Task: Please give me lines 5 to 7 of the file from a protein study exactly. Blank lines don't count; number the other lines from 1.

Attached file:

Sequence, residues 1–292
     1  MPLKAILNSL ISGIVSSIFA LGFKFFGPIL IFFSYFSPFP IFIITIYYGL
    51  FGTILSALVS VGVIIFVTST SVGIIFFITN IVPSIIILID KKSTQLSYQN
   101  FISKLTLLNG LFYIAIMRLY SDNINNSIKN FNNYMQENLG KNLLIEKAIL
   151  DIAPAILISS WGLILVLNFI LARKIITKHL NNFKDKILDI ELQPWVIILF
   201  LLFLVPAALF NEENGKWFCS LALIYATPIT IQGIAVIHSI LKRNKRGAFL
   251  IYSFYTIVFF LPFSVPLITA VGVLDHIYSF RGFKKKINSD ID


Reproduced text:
   151  DIAPAILISS WGLILVLNFI LARKIITKHL NNFKDKILDI ELQPWVIILF
   201  LLFLVPAALF NEENGKWFCS LALIYATPIT IQGIAVIHSI LKRNKRGAFL
   251  IYSFYTIVFF LPFSVPLITA VGVLDHIYSF RGFKKKINSD ID